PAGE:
No One Knows How Many L.G.B.T.Q. Americans Die by Suicide

For children and adolescents who die by suicide, the team interviews not just parents and guardians, but also several close friends. In some cases, Dr. Staley recalled, friends knew about the deceased’s struggles with sexuality, gender or drug use that the parents did not.

These conversations can be exceedingly difficult. John Blosnich, head of a research initiative called the L.G.B.T. Mortality Project at the University of Southern California, has done ride-alongs to observe and train death investigators on the importance of collecting data on gender and sexuality. His training also helps investigators navigate distress or stigma about the questions from the deceased’s friends and relatives.

“They’re talking with families who are in shock, who are infuriated, who at times are catatonic because of their loss,” Dr. Blosnich said.

So far, Dr. Blosnich has trained investigators in Utah, Nevada, Colorado, New York and California, where a 2021 state law started a pilot program to collect data on sexual orientation and gender identity. In a recent study of 114 investigators in three states, Dr. Blosnich reported that only about 41 percent had directly asked about a deceased person’s sexual orientation, and just 25 percent had asked about gender identity, before going through the training.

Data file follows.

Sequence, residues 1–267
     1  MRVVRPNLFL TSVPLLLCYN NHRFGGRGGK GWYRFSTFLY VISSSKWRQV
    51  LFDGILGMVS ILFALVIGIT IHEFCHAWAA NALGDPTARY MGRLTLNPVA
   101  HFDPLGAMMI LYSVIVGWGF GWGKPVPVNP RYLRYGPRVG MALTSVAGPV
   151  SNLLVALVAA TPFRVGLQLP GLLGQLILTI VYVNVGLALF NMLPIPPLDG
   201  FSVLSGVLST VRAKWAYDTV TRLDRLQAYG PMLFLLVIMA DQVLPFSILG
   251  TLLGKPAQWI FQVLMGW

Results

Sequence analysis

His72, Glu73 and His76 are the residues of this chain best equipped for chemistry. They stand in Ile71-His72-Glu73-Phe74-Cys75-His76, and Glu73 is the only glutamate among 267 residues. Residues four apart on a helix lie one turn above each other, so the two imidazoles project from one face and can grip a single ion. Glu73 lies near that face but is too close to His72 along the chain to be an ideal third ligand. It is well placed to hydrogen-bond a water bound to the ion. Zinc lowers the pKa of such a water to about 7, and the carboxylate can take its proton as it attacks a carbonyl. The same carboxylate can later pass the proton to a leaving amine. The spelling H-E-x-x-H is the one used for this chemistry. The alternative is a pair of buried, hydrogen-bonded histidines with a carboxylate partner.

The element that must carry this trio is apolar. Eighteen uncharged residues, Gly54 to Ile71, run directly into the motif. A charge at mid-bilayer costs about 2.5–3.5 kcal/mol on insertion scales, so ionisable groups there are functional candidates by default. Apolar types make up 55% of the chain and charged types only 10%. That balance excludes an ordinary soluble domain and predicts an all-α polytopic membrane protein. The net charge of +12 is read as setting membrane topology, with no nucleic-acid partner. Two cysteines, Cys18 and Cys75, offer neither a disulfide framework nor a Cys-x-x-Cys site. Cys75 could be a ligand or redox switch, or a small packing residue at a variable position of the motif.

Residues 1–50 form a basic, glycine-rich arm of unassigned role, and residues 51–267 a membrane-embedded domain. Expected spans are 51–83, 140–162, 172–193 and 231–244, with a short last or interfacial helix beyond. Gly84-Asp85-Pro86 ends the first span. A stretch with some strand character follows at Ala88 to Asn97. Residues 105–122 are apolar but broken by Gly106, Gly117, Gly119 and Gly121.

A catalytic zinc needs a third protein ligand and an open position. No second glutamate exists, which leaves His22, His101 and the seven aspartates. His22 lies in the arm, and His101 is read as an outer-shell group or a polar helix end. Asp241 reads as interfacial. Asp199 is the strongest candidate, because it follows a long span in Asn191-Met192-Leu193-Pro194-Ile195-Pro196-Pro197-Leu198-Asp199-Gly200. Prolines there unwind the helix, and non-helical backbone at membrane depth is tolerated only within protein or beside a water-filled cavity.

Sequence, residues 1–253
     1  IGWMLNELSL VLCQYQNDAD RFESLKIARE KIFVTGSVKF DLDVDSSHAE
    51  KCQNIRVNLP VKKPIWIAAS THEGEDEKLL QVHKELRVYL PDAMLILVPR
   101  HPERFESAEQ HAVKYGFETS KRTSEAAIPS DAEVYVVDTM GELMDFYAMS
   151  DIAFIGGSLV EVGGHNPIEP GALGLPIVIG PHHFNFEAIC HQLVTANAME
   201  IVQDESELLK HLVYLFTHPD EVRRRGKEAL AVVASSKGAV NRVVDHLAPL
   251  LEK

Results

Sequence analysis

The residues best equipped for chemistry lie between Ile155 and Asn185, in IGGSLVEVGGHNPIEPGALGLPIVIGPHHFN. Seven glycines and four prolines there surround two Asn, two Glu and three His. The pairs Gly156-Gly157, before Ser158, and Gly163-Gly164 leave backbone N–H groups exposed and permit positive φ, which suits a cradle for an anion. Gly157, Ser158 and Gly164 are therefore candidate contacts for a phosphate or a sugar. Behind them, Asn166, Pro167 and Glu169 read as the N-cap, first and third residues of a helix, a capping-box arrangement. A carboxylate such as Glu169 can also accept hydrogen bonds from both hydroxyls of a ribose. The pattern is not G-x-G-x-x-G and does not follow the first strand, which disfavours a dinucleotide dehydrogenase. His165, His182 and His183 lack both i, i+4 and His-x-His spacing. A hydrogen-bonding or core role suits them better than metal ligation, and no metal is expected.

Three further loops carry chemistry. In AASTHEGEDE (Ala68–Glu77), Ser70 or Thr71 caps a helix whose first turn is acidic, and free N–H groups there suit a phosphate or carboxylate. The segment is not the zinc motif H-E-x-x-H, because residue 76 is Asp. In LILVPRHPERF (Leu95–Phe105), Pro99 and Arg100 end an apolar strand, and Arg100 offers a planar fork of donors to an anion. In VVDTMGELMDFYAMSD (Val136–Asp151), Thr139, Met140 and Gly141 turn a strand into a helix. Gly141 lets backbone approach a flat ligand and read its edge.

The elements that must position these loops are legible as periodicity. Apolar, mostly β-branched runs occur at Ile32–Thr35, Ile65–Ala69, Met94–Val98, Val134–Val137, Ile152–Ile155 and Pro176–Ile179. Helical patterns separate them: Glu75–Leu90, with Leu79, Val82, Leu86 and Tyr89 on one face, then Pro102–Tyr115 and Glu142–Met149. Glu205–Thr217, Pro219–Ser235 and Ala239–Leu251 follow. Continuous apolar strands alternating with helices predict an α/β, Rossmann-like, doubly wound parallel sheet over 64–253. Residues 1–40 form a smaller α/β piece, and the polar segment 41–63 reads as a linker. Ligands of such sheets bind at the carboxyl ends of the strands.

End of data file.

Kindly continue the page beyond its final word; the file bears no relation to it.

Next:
Medical examiners send reports of homicides and suicides to the Centers for Disease Control and Prevention, which maintains a database of violent deaths with extensive demographic, medical and social information, including toxicology tests, mental health diagnoses and even stories of financial and family hardships. But a study of more than 10,000 suicides among young adults reported to the C.D.C. database found that only 20 percent included information on the deceased’s sexuality or gender identity.

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